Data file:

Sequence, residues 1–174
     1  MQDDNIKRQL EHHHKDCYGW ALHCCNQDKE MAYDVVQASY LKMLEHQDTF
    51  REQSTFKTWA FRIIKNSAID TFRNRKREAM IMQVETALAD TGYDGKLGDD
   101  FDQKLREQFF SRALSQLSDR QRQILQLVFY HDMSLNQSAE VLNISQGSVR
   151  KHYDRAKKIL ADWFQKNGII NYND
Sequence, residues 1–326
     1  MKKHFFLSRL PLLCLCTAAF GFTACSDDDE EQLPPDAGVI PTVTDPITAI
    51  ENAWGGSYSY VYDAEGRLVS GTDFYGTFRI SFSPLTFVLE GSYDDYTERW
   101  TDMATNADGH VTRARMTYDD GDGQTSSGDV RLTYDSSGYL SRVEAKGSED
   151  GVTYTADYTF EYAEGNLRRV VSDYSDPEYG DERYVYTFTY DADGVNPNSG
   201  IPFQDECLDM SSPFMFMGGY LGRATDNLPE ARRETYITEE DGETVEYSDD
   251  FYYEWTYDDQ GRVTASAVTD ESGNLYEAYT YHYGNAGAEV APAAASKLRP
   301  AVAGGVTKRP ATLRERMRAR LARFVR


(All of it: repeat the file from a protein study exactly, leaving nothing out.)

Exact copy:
Sequence, residues 1–174
     1  MQDDNIKRQL EHHHKDCYGW ALHCCNQDKE MAYDVVQASY LKMLEHQDTF
    51  REQSTFKTWA FRIIKNSAID TFRNRKREAM IMQVETALAD TGYDGKLGDD
   101  FDQKLREQFF SRALSQLSDR QRQILQLVFY HDMSLNQSAE VLNISQGSVR
   151  KHYDRAKKIL ADWFQKNGII NYND
Sequence, residues 1–326
     1  MKKHFFLSRL PLLCLCTAAF GFTACSDDDE EQLPPDAGVI PTVTDPITAI
    51  ENAWGGSYSY VYDAEGRLVS GTDFYGTFRI SFSPLTFVLE GSYDDYTERW
   101  TDMATNADGH VTRARMTYDD GDGQTSSGDV RLTYDSSGYL SRVEAKGSED
   151  GVTYTADYTF EYAEGNLRRV VSDYSDPEYG DERYVYTFTY DADGVNPNSG
   201  IPFQDECLDM SSPFMFMGGY LGRATDNLPE ARRETYITEE DGETVEYSDD
   251  FYYEWTYDDQ GRVTASAVTD ESGNLYEAYT YHYGNAGAEV APAAASKLRP
   301  AVAGGVTKRP ATLRERMRAR LARFVR